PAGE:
WSOP: bracelets abound

This story was published more than 12 years ago.

The action continued unabated at the World Series of Poker in Las Vegas as event 10 - the $1,500 buy-in No-Limit Hold'em - Six Handed - unfolded on its third day of play with the 15 survivors of an original field of 1,920 returning to the felt.

When InfoPowa last monitored the game it was down to another epic WSOP heads up between Eddie Blumenthall and Texas gynaecologist Geffrey Klein, with the former holding a massive 7 million chip lead but Klein staging a remarkable performance that ultimately saw him take a 2 million chip lead of his own in the wee small hours of the morning.

That led to a final victory for Klein, rewarding him with a bracelet and $544,388 in prize money, and leaving his opponent with a $334,756 runner-up pay day.

It was Blumenthall’s second final table in this WSOP, both in tough events with large fields of talented players.

Event 11, the $10,000 buy-in Omaha Hi-Lo Championship, required another day of play to find a winner, but the bracelet was finally awarded to Viacheslav Zhukov.

22 survivors - all that remained from the entry field of 202 - started the third day with George Lind at the top of the leader board, chased hard by Zhukov, and Steve Billirakis at the bottom but still hunting for his second bracelet.

Others still active and dangerous included Guillaume Rivet, Mikael Thuritz, Richard Ashby and Josh Arieh.

After ten levels, play ended day three with a requirement for an extra day in order for Lind, Billirakis and Zhukov - the final three left in the competition - to decide a winner. Lind and Zhukov were at that point millions ahead, but Billirakis is always dangerous and appeared calm and determined when the extra day of play kicked off.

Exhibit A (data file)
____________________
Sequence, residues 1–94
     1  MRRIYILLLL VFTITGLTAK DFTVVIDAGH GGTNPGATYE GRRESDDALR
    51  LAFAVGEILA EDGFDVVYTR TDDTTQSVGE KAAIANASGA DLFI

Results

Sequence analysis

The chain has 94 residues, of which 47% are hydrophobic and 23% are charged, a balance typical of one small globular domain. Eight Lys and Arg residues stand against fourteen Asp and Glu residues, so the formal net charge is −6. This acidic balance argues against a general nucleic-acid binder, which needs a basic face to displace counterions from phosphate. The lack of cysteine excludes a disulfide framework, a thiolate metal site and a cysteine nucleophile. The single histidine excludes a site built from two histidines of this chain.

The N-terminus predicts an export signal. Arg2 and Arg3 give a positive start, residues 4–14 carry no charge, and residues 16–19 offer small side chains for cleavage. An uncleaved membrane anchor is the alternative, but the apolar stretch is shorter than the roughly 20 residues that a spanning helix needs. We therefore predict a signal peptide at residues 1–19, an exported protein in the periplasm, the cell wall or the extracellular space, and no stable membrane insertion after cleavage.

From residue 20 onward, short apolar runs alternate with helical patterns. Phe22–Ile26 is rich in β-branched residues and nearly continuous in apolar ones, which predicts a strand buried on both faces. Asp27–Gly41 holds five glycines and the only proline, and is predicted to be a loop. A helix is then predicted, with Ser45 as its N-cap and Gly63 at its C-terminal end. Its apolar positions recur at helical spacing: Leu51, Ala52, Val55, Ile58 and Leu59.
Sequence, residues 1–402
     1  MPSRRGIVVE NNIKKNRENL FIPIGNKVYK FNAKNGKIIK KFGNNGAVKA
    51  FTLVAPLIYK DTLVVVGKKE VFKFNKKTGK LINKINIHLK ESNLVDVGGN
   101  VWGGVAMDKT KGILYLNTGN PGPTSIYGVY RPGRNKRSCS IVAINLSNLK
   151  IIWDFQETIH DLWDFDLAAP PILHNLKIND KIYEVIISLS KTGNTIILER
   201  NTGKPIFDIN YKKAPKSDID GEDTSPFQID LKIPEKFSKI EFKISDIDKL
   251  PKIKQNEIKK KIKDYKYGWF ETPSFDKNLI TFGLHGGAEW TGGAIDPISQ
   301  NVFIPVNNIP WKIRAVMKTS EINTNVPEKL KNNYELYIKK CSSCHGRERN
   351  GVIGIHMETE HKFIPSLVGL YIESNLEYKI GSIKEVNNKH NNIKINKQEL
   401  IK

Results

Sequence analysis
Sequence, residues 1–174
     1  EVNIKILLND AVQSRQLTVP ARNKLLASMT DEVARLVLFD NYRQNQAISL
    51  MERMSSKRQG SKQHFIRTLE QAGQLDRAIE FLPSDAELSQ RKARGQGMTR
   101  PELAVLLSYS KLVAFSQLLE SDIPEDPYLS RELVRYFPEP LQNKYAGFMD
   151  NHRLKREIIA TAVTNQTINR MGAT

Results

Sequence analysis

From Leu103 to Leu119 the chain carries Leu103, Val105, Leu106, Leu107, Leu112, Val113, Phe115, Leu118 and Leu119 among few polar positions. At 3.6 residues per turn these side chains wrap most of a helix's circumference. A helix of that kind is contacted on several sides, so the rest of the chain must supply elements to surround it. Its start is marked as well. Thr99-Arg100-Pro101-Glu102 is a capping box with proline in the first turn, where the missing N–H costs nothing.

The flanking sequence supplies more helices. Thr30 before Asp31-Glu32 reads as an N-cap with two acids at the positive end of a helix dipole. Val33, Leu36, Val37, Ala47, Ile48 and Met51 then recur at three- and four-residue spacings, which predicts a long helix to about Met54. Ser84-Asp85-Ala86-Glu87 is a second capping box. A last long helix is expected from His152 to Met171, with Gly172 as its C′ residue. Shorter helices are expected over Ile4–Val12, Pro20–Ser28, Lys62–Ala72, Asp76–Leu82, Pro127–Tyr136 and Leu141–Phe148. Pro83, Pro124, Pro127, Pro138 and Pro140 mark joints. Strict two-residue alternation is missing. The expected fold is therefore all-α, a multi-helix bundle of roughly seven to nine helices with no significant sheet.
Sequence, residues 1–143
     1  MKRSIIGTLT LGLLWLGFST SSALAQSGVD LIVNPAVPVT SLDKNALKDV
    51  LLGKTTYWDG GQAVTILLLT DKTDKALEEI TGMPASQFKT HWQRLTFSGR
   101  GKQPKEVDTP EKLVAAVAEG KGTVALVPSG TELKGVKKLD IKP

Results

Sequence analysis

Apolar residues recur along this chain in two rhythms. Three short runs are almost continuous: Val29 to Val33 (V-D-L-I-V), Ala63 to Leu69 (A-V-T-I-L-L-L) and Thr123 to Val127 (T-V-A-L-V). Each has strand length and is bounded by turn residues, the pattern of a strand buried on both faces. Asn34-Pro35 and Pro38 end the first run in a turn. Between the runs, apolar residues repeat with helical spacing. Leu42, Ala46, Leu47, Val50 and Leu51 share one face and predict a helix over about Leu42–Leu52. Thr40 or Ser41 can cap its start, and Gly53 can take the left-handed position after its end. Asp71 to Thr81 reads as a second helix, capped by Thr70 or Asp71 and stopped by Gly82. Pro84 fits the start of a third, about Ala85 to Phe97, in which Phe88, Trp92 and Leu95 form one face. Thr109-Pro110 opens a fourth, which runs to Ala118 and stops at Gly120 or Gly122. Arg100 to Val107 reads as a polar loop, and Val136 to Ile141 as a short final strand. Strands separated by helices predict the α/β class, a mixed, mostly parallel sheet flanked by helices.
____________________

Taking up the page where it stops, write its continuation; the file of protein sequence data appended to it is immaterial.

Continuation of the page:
Barely an hour into play Billirakis was out of it, eliminated by Zhukov in a move that left George Lind and Zhukov in the heads up, fighting for the $465,216 first prize in a clash that lasted for three long hours.

Finally, at level 32 the exhausted players played their last hands, and it was Zhukov who emerged victorious to claim the main prize and the bracelet - his first.

Lind collected a check for $287,444 for his time and trouble.

David Diaz turned out to be the best of 1,340 starters when the third day of play in event 12 - the $1,500 buy-in Triple Chance No-Limit Hold'em contest came to a conclusion late Thursday night Vegas time.

Diaz collected the winner's check for $352,808 after three days and 28 hours of play that saw the elimination of the other 1,339 entrants.

With just four tables left, the exciting event still had the likes of Sam Trickett, Cliff Josephy, Bill Chen, Andy Black, J.C. Tran, Getty Mattingsly and Dan Smith in contention, but it was Diaz's night to collect his first WSOP bracelet, having started the day 9th in a 10 player remaining field.

After maintaining a low, under-the-radar strategy for much of the match, Diaz exploded into aggressive action relatively late in the game to rise to the heads up.

In his final confrontation with Anders Meli that lasted less than a half-hour, Diaz triumphed, leaving his adversary with a second placing check for $218,183.